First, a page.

Australia’s biggest banks have expanded their support for customers impacted by the coronavirus with a slew of new measures to fight off recession.
The Australian Banking Association (ABA) has announced that businesses with loan facilities of up to $10 million will now be able to defer payments for business loans for six months, increasing the ceiling from $3 million.
“This will help protect many more thousands of small businesses from being evicted if they are struggling to pay the rent as it covers approximately 90 per cent of commercial property owners who have loans with an Australian bank,” said ABA CEO Anna Bligh.
CBA will support the package, providing repayment relief of up to $3.6 billion for business customers impacted by coronavirus, delivering around $600 million back into business cash flows each month. More than 99 per cent of CBA’s business customers are now eligible for loan repayment deferrals.
“The economic, physical and personal impact of the coronavirus will be severe,” said CEO Matt Comyn.
“We are dealing with a health crisis which is precipitating a significant economic shock, and the most vulnerable in our community are especially in need of our collective support.”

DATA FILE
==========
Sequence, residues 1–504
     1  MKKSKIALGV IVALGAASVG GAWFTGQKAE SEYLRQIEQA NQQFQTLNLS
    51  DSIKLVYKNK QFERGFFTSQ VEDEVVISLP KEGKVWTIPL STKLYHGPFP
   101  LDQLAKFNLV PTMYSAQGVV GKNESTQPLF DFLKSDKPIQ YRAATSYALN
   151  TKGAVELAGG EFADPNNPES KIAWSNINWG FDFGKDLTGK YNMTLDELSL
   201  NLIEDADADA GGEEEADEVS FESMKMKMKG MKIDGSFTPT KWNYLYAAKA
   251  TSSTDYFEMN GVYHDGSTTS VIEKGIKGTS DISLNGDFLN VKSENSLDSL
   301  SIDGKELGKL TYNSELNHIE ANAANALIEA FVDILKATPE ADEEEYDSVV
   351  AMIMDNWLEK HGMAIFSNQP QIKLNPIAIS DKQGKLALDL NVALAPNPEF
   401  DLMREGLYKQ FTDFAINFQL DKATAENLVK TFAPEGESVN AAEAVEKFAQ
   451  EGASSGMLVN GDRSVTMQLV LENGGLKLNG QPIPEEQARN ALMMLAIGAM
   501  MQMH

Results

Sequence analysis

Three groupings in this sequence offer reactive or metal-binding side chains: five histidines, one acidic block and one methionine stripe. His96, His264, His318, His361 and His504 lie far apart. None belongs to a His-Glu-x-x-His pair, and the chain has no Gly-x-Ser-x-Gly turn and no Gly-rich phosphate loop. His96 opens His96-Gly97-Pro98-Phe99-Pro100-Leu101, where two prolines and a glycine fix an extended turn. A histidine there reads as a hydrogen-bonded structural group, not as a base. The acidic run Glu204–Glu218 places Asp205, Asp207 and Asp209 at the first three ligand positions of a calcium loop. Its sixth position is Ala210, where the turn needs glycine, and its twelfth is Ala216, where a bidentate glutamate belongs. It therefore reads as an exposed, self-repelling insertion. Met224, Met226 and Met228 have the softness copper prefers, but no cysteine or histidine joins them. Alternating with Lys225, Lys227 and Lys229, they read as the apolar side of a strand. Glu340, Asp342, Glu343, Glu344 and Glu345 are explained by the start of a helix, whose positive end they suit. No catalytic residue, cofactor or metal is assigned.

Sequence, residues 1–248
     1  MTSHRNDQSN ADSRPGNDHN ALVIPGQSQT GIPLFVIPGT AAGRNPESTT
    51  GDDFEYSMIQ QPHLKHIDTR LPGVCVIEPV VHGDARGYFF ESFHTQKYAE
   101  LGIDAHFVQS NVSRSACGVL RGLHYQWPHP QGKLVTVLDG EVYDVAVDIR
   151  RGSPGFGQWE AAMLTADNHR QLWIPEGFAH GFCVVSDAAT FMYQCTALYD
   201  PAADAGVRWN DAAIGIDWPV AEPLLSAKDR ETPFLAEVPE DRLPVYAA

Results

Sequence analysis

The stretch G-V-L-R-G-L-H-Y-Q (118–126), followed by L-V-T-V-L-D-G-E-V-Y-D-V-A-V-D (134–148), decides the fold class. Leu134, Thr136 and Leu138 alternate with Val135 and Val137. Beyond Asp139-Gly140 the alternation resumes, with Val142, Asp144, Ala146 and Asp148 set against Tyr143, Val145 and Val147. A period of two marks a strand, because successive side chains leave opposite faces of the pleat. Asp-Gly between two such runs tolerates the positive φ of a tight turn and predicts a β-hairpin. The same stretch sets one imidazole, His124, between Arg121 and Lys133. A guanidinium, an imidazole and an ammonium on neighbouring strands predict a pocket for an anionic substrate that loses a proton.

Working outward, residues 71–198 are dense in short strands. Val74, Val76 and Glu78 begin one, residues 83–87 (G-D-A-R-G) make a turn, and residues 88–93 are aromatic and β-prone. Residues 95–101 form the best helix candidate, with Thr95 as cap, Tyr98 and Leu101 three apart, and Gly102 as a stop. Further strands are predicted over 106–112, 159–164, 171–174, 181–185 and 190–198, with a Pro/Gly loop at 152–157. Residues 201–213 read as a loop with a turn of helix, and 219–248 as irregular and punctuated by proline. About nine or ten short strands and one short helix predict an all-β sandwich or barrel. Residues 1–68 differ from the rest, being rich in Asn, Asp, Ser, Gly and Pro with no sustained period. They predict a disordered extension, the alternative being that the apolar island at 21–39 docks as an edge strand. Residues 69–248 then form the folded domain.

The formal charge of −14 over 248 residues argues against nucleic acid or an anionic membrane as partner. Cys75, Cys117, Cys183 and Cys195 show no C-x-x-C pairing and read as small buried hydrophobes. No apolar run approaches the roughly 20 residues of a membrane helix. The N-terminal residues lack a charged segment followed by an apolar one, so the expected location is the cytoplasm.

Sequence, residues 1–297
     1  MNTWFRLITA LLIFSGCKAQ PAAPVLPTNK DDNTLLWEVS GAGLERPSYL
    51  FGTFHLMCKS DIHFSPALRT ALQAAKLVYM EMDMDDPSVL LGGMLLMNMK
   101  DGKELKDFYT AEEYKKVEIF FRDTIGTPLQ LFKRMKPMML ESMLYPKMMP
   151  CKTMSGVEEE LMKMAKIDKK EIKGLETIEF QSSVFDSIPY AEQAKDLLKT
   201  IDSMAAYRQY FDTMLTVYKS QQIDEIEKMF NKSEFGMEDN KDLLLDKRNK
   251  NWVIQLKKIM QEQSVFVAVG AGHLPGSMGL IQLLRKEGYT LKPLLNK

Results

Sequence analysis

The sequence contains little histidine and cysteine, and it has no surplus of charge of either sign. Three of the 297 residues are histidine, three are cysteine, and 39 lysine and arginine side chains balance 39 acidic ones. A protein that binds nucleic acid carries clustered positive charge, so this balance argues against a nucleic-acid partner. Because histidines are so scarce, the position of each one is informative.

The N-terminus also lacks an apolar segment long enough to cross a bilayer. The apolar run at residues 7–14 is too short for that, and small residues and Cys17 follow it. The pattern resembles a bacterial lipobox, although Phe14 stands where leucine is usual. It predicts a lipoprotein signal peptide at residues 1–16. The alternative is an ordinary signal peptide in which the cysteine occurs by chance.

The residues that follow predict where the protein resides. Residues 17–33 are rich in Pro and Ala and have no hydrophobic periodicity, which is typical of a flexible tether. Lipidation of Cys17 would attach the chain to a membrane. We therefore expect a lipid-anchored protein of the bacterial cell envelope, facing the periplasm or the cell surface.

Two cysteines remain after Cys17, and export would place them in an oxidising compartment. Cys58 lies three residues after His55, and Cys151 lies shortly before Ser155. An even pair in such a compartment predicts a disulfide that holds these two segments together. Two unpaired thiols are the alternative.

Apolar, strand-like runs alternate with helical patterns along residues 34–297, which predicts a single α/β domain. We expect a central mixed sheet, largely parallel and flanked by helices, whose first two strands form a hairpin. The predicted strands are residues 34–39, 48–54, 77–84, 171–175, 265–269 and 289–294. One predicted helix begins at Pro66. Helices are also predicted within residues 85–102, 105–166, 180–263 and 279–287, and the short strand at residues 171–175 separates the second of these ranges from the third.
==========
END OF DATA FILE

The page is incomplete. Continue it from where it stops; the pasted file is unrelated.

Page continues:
Westpac is also offering “immediate and practical assistance” in the form of repayment relief for businesses with a total lending exposure up to $10 million and unsecured three-year term loans of up to $250,000 for new and existing business customers with turnover of less than $50 million.
“These are unprecedented times and they call for strong, meaningful actions,” said Westpac chief executive for business Guil Lima.
“With this extension we are now able to offer access to these support measures to 98 per cent of Westpac’s business bank customers if they have been impacted by COVID-19.”
The measures join a number already announced by the Australian Banking Association, including a six-month loan repayment deferral meant to give small business “multibillion-dollar shot in the arm”.
But customers have been slow to take advantage of some of those measures.
“A lot of our customers are still shell-shocked,” ANZ CEO Shayne Elliott told media and business leaders.
“They’re working through their own crisis in terms of what needs to be done. We’ve got about 130,000 small businesses that we deal with. We’ve had a little bit less than 10 per cent reach out asking for assistance in terms of payment holidays… it is going to take time for people to digest what options are available to them, and what needs to be done.”
Mr Elliott said that ANZ was approaching the problem as though they were fighting a virus by trying to limit its spread through the economy.
“The right response is isolation,” Mr Elliott said.
“What we need to do is isolate the spread so that a problem in retail isn’t going to infect landlords and keep going. The way to isolate is exactly what the government has been doing and what the banks have been doing.”
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